Our intense focus on the meaning of what happens here has made it all the easier to resist the call to let this meal bring us together. The news of recent weeks has been filled with far too many stories of people pushed apart and away from this and other tables. Violence divides communities in our city and nation, and we prefer methods of punishment that insist on exchanging an eye for an eye rather than seeking a path of restoration, reconciliation, and transformation. Evidence continues to emerge that points to systematic mistreatment of the poor and minorities by the criminal justice system in our city, state, and nation, not to mention all too many places where they are very directly deprived of their rights. So many who are seeking to be president of our nation are using rhetoric that excludes immigrants, the poor, LGBT persons, and others, pushing people away from the common table of our land. And beyond our shores, European political leaders have responded to the growing refugee crisis there by turning away people who do not look or believe like them in ways that eerily echo words and actions before and during World War II that contributed to the mass murder of millions of Jews and others in Germany and beyond.
Amid all these loud cries around us telling us that we are better when we are apart, it is difficult to hear the call to sit down and share a meal like this one to bring us together. But this table reminds us that there is another way. At this table, we can glimpse the unity that we will have in the kingdom of God so that we can be strengthened to live a little more like that in the days ahead.
The incredible film Places in the Heart offers a little glimpse of a meal that can bring us together. The movie chronicles one family’s journey through the challenges of murder, racism, economic distress, and even natural disaster. In the end, only sheer endurance and an incredible portion of grace bring the people of Waxahachie, Texas, and especially widow Edna Spalding and her family through to see a new day. Time and again in the movie, we are taken to the table, first the many tables set for Sunday lunch that are interrupted by word of the town drunk on the loose with a gun who ends up shooting the sheriff, the Spalding’s table that shifts from hosting the family meal to offering a place for the dead sheriff’s body to be prepared for burial, even the simple tables under the trees where the sheriff’s widow constantly makes sure that the black migrant workers she employs are fed.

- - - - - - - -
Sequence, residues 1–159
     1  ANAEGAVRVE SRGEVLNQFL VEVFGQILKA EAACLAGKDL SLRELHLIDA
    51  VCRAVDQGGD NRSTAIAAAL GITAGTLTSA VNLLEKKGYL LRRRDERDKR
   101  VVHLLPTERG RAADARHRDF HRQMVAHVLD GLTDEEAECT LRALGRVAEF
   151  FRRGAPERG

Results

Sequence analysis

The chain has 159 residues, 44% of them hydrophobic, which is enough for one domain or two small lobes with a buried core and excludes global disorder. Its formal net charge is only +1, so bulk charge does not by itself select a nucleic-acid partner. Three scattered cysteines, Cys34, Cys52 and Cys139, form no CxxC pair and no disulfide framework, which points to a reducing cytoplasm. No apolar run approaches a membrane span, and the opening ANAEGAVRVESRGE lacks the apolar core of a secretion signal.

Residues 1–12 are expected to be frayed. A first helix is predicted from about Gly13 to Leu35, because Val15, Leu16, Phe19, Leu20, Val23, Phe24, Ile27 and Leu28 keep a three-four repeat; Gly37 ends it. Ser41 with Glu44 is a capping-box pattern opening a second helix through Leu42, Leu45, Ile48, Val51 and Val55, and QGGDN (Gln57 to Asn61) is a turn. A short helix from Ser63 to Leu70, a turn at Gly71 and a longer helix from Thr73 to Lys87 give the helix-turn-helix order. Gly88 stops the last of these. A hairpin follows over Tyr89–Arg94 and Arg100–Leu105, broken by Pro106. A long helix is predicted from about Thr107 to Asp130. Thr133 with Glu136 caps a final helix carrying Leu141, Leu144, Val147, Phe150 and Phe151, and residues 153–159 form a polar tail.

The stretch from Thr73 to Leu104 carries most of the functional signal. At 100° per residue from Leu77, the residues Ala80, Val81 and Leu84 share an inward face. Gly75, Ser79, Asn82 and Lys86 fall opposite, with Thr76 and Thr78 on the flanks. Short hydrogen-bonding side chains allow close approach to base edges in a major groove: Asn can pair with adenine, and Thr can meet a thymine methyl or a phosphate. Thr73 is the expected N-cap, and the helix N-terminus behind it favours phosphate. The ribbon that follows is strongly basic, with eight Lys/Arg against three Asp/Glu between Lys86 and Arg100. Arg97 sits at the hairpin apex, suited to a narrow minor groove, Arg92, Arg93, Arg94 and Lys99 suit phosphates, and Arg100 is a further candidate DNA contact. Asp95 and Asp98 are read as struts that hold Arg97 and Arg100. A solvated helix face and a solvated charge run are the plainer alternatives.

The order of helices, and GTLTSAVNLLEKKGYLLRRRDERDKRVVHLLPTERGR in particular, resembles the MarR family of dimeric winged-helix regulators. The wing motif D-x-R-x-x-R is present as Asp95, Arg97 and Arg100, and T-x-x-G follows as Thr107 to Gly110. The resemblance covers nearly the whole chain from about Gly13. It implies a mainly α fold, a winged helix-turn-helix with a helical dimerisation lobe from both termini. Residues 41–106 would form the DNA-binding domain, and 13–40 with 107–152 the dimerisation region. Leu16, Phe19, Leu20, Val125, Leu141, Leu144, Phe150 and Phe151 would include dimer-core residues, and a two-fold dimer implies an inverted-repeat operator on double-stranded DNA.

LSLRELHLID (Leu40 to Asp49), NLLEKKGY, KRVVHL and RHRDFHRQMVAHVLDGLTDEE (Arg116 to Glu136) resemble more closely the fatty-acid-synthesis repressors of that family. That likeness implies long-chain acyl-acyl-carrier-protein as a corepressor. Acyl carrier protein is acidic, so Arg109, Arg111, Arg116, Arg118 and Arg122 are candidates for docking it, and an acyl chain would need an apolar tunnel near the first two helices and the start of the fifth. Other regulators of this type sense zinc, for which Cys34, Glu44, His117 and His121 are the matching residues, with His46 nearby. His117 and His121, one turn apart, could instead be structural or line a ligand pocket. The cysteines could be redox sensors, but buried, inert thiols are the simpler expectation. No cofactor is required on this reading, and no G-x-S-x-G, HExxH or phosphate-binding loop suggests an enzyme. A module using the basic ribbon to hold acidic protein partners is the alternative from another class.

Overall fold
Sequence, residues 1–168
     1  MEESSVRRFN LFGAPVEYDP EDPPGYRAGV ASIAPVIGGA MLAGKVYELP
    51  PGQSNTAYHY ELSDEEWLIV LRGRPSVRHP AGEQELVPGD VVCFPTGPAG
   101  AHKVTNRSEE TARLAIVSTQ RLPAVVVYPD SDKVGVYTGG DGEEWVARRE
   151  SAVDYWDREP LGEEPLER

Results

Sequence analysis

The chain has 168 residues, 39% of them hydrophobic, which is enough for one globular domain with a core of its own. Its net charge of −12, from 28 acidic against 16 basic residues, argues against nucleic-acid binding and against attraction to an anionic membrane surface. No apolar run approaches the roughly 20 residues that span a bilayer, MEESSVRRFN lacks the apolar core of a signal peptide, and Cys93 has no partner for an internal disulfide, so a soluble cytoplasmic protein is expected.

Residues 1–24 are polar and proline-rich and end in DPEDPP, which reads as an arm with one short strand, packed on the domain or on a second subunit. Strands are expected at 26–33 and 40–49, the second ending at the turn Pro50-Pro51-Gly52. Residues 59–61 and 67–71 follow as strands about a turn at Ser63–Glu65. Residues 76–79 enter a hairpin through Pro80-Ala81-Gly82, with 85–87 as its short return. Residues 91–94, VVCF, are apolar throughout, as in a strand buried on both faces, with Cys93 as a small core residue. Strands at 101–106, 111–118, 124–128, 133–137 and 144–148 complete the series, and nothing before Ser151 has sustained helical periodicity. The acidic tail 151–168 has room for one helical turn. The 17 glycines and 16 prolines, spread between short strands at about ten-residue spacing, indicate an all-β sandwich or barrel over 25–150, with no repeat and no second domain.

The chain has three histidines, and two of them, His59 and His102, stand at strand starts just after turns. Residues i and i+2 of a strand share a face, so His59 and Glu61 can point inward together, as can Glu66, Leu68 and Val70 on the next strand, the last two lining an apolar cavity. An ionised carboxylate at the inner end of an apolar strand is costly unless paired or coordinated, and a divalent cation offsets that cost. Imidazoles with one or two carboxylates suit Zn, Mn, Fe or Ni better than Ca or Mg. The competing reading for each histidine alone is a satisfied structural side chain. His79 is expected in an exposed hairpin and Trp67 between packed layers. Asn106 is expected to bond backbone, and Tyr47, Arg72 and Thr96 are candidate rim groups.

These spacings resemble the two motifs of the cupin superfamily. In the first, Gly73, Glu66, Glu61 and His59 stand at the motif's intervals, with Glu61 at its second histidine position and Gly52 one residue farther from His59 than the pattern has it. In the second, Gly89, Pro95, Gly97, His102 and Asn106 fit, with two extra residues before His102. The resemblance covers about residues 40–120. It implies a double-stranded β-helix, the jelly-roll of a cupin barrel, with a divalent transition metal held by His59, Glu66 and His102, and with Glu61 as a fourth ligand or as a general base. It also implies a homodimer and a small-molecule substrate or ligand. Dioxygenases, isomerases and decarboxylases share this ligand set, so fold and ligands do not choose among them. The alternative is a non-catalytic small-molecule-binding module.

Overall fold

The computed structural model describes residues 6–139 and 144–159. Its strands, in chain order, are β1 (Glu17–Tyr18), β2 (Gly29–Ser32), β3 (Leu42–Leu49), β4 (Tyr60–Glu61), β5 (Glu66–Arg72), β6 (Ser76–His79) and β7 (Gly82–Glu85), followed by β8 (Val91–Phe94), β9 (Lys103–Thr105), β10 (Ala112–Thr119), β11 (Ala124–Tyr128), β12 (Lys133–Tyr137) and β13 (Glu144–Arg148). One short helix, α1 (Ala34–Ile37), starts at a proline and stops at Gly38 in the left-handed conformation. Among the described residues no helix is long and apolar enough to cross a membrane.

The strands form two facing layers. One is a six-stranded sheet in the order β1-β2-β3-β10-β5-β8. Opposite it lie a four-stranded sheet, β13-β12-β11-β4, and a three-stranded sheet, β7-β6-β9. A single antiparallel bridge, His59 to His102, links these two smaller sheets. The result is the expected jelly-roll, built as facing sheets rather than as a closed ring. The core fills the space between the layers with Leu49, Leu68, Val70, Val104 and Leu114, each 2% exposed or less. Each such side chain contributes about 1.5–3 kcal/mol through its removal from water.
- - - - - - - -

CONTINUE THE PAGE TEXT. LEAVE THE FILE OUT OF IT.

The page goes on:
All these scenes at table culminate in a moving gathering at the Lord’s Table, where characters gather across all the lines that had divided them to share a simple meal of bread and grape juice. As the trays are passed along the pews, women and men, old and young, blind and sighted, black and white, living and dead, even murderer and victim—all share the bread of heaven, the cup of salvation, the peace of God that comes in this strange feast. I know of no better image that embodies the wonder of this great feast that brings together those who have been set against one another, that unites us across every imaginable division, that lifts us up to sit in the presence of Christ himself to share this incredible feast of heaven and earth.
So as we gather at this table today, may God’s presence surround us as we share this meal, so that every time we sit at this or any table, we might know the incredible gift of this meal that brings us together with one another and God until we sit at table together in the kingdom of God forever and ever. Thanks be to God! Amen.